COVID-19 scuttles massive military drill in Europe, leaves Utah Army Reservists at home

The 807th Medical Command’s deployment to Defender-Europe 20 was canceled as the military tries to protect its forces from the coronavirus pandemic. SALT LAKE CITY — The COVID-19 pandemic has disrupted a massive, multinational training exercise involving the large-scale deployment of U.S. troops — including a Utah-based Army Reserve unit — to defend Europe from a simulated invasion by a Russia-like adversary. Instead of mobilizing to Europe, soldiers from Salt Lake City’s 807th Medical Command (Deployment Support) Headquarters will remain stateside as the U.S. military attempts to prevent the spread of the coronavirus through its forces. Around 100 soldiers from the unit were slotted to deploy for the colossal exercise, the Army Times reported. Defender-Europe 20 — a mock, U.S.-led NATO action against an enemy of similar size and capabilities — would have been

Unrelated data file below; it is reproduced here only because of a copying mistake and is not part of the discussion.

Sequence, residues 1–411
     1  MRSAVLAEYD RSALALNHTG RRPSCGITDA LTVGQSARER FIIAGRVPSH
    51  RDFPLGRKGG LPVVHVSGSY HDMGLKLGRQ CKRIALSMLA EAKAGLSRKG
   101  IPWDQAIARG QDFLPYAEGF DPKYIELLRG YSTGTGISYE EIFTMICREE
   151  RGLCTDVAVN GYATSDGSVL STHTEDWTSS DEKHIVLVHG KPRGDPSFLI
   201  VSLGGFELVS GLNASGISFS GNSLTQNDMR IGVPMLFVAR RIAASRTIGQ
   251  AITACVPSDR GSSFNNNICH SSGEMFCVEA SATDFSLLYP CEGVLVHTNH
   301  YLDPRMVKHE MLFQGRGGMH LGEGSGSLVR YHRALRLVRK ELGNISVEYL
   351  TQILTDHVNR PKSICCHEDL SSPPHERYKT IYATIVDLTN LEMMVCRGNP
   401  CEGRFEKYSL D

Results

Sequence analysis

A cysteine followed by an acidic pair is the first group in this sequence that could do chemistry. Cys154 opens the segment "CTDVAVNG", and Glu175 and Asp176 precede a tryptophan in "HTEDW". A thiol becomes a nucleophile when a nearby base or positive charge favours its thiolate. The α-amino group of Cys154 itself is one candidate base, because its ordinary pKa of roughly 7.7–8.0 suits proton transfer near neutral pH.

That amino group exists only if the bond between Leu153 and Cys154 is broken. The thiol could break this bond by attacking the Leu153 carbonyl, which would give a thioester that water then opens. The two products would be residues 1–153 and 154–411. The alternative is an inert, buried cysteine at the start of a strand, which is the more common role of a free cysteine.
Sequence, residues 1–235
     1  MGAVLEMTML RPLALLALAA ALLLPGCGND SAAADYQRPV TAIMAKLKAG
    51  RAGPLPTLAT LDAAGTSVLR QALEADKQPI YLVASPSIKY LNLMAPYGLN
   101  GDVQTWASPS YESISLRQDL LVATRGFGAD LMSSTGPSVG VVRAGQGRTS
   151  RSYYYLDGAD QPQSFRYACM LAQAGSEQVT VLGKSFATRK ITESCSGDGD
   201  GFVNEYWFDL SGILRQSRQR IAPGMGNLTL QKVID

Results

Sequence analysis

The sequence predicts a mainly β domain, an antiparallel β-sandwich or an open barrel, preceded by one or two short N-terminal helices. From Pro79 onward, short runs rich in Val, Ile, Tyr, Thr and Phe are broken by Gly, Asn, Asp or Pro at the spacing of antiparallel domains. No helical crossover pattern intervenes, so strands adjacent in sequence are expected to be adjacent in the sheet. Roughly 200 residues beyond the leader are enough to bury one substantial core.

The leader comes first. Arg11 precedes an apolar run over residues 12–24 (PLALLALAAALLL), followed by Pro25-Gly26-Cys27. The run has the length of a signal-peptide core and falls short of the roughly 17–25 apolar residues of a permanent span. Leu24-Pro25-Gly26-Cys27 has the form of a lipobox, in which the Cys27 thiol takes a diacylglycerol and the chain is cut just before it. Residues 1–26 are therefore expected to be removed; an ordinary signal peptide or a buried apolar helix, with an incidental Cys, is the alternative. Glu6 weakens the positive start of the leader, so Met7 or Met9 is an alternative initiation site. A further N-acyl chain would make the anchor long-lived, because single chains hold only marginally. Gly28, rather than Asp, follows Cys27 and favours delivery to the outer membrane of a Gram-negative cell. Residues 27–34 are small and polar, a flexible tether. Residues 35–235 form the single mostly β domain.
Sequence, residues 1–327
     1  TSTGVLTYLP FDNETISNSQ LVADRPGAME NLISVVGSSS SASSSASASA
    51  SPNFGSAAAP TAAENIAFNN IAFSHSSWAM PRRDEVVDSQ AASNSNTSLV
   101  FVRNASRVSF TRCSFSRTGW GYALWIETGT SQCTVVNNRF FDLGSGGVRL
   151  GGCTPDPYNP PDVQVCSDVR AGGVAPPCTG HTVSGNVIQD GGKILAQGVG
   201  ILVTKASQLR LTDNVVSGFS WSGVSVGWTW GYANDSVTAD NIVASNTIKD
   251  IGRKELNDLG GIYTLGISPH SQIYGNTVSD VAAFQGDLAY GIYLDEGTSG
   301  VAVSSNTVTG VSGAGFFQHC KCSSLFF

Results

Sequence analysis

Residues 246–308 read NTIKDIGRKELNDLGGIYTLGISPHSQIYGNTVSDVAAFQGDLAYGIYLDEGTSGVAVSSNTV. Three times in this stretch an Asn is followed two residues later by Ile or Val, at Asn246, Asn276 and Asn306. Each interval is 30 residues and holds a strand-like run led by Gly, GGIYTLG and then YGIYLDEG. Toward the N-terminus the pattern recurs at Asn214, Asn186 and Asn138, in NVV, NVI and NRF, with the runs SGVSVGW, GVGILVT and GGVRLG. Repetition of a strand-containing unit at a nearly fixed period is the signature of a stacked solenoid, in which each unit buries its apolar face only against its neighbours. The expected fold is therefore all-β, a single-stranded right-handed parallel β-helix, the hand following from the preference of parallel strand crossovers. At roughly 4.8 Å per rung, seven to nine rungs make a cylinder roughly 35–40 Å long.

the largest deployment of American troops to Europe since shortly after the Cold War. Defender was technically underway, albeit in the early stages, and has not been formally canceled. However, it is unlikely to occur at anything resembling its original scope, as military leaders respond to a changing environment. “The 807th MC(DS) is supporting guidance regarding travel restrictions. This means the command will no longer be taking part in the Defender-Europe 20 exercise as a precautionary measure to protect the health of our personnel, their families and the local community,” said Capt. Sherrain Reber, a spokeswoman with the unit, on Friday. Some members of the unit are civilian medical professionals and not all the soldiers assigned to the headquarters reside in Utah, Reber said. The 807th is the largest medical command in the reserves and units within its command have conducted medical and humanitarian missions both stateside and around the globe, according to the unit. The 807th would have set up and staffed a command post for Defender, which was originally expected to involve around 37,000 service members from 18 countries. Around 20,000 soldiers, and just as many pieces of equipment, would have deployed from the United States. But, the global novel coronavirus pandemic forced the Army to change its plans. 807th Medical Command (Deployment Support) @807thmcds Headquarters and Headquarters Company, 807th MC(DS), loads containers in preparation for their medical Operational Command Post mission for #DEFENDEREurope 20, Ft. Douglas, Utah, January 18, 2020. View image on TwitterView image on TwitterView image on Twitter 40 8:25 PM - Feb 25, 2020 Twitter Ads info and privacy See 807th Medical Command (Deployment Support)'s other Tweets Defender began with the deployment of equipment from the United States on Jan. 23, U.S. Army Europe said in a statement to Deseret News. As of Feb. 25, the 807th Medical Command was still prepared to mobilize its Salt Lake City headquarters, based on a post to their Twitter account. The tweet shows a command post being prepared to deploy in a shipping container. But on March 11 — the same day the World Health Organization declared the coronavirus outbreak a pandemic — U.S. Europe Command announced it would be downsizing the exercise. “In light of the current coronavirus outbreak, we will modify the exercise by reducing the number of U.S. participants,” said U.S. Europe Command in a statement. “The health protection of our force, and that of our allies and partners, is a top concern. We take the coronavirus outbreak seriously and are confident that by making this important decision we’ll continue to do our part to prevent the further spread of the virus,” the statement says. U.S European Command ✔ @US_EUCOM After careful review of the ongoing #DefenderEurope 20 exercise activities and in light of the current #Coronavirus outbreak, we will modify the exercise by reducing the number of U.S. participants: https://www. srelease/41087/exercise-defender-europe-20-update …@USArmyEurope View image on Twitter 184 11:03 PM - Mar 11, 2020 Twitter Ads info and privacy 163 people are talking about this Although some U.S.-based troops and equipment had begun to arrive in Europe, travel from the states was suspended on March 13. The announcement seemed to cause some confusion within the Army and it would be a week until the 807th was able to confirm it would no longer participate in the exercise. The Army and its allies have never identified the exercise’s antagonist, but the massive troop movement appears to drill the militaries’ response to an adversary in eastern Europe. “Defender means there is a need to defend. Defend from whom?” said Russian Foreign Minister Sergey Lavrov when asked about the European exercise by Russian state media in early February. Lavrov acknowledged that the U.S. and NATO have never named Russia as Defender’s foe, but said it was difficult imagine what enemy the sizable force was preparing to drill against. “We cannot ignore these processes that raise great concern, but we will respond without creating any unnecessary risks,” the foreign minister told the Rossiyskaya Gazeta A spokesman for Supreme Headquarters Allied Powers Europe (SHAPE) — NATO’s military operations command — acknowledged the U.S.-led exercise was being modified due to the coronavirus. “The aim is to avoid the spread of the virus and to mitigate the impact on our soldiers and the respective populations,” said German Army Lt. Col. Thomas Supe, a public affairs officer at SHAPE, in a statement sent to Deseret News. Defender was scheduled to take place in at least seven European countries — Netherlands, Belgium, Germany, Poland, Lithuania, Latvia and Estonia — that, like the United States, have experienced dramatic rises of COVID-19 cases this last week. Supe added that the coronavirus’s current impact on Defender “does not affect the ability of our forces to respond to threats — now or in the future.” He said that daily operations at SHAPE have continued and measures have been taken to reduce the spread of the virus.807th MC(DS) soldiers use a fork lift to pick up containers to transport equipment for the medical Operational Command Post mission for DEFENDER-Europe 20 in Fort Douglas, Utah, on February 18, 2020. U.S. Army Reserve Spc. Ronald D. Bell “At this time,” Reber said Friday, “the command is working closely with Army Reserve headquarters and encourages all of our soldiers to follow force health protection and CDC guidance.” A spokesperson for the U.S. Army Reserve command said “Battle Assemblies” — training conducted by Reserve units — had been indefinitely suspended to protect soldiers, their families and the community from the spread of the coronavirus. source: deseret